Sometimes it seems like KFC is trying to do everything.Yum Brands‘ massive chicken company, which went through a kind of menu revolution over the past few years, has gone through so many phases and so many faces that the menu is unrecognizable as the same place my Little League team used to swarm after our games.
This is obviously at least partially due to the chain’s need to adapt to a consumer base that is (or at least claims to be) increasingly unwilling to stuff fats, starches, and carbohydrates into a bucket and submerge its collective face therein.
Dry-rubbed grilled chicken is a star player on KFC’s window posters. Green beans, no longer a shameful secret on the menu like an ugly cousin of the much more popular mashed potatoes or macaroni and cheese, cascade instead through KFC’s advertisements like a brilliant green waterfall or clippings of the Jolly Green Giant’s hair.
On the other hand, items like the Famous Bowl (at right, once described by comedian Patton Oswalt as “a failure pile in a sadness bowl”) and the obscene Double Down sandwich continue to be massively popular, so much so that KFC has recently added everyone’s favourite food-improver to the Famous Bowl to create the Cheesy Bacon Bowl, advertisements for which seem almost provocative, as if KFC is daring its critics to object to its decadence.
This duality has created something of an identity crisis for KFC, and indeed for Yum in general, since many of the corporation’s restaurants straddle the line of nutritional respectability. Can a fast food restaurant really be both unhealthy and healthy?
Restaurants like Chipotle have carved out a considerable place in the market for natural ingredients and fresh preparation. Can these restaurants capitalise on KFC’s inability or unwillingness to eliminate fat bombs like the Double Down from its menu?
One answer may simply be that KFC makes enough money in China that it can afford to maintain the unhealthy image it has cultivated in the US. KFC absolutely dominates the Chinese fast food market and has plans to expand further.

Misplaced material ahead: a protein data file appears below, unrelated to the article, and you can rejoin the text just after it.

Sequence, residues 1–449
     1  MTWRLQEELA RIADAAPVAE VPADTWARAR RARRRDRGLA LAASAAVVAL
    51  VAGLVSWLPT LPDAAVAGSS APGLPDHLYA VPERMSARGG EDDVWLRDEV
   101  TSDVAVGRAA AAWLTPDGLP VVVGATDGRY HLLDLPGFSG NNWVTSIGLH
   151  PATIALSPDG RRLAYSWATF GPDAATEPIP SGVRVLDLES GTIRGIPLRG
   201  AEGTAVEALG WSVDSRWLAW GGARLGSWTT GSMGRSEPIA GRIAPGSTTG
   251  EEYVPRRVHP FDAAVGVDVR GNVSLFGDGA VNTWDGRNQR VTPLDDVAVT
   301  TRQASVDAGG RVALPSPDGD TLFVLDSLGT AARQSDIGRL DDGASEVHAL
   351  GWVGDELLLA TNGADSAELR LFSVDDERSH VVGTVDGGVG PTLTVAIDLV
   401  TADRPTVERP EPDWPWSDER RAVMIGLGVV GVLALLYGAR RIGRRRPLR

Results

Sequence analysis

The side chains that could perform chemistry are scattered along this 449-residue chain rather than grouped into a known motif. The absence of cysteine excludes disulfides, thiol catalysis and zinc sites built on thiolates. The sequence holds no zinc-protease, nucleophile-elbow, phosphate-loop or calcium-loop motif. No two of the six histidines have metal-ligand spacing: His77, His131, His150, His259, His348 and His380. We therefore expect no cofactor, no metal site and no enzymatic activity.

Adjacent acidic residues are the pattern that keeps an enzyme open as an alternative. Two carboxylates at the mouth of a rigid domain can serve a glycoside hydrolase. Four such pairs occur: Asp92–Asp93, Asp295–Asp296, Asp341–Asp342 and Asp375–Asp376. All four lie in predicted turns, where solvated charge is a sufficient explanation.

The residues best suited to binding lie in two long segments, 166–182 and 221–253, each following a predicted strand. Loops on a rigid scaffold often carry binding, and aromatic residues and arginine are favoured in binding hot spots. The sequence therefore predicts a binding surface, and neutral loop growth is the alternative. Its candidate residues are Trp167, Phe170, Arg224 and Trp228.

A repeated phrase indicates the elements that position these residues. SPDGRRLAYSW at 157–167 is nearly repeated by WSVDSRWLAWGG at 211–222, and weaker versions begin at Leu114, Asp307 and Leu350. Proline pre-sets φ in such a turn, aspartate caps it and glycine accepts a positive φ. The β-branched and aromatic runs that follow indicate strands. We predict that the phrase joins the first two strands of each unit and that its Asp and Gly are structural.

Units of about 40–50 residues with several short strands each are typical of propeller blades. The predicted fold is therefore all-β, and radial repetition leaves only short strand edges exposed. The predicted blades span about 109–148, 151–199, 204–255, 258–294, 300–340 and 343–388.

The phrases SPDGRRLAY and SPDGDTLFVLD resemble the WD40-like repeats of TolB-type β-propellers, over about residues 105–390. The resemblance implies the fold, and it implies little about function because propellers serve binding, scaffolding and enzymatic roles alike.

However, its product lines in China are vastly different from its US offerings (the Chinese products include traditional Chinese soups, panko-crusted chicken, etc.), which means that while the chain is hugely popular in China, it can’t parlay that success back to the US.
Another problem for the chicken chain to deal with is its target market. At the moment, it seems as if KFC can’t decide whether to market primarily to families or to individuals.
McDonald’s and Yum’s own Taco Bell have made big strides by abandoning the family image almost entirely; Taco Bell ads feature trendy young people Instagramming their fluorescent tacos, while McDonald’s likes showing hipsters falling in love while biting into Angus Third Pounders.
KFC, on the other hand, vacillates between showing individuals happily scarfing chicken sandwiches or the aforementioned bowls and showing families using KFC’s buckets-of-food system to feed a dozen people easily.
The most recent campaign plays on the trope of irritating relatives being loud during the holiday season, which plays to the “family” side of things, but the Famous Bowls continue to be the chain’s best-selling item. Until KFC can figure out who’s buying chicken, it will continue to play second fiddle to Taco Bell in Yum’s US operations.
Even more troubling is that Yum recently announced that its fourth-quarter sales in China were down. If KFC isn’t pulling its weight, it may be time for the company to figure out a clear target market and tighten up its campaigns accordingly.
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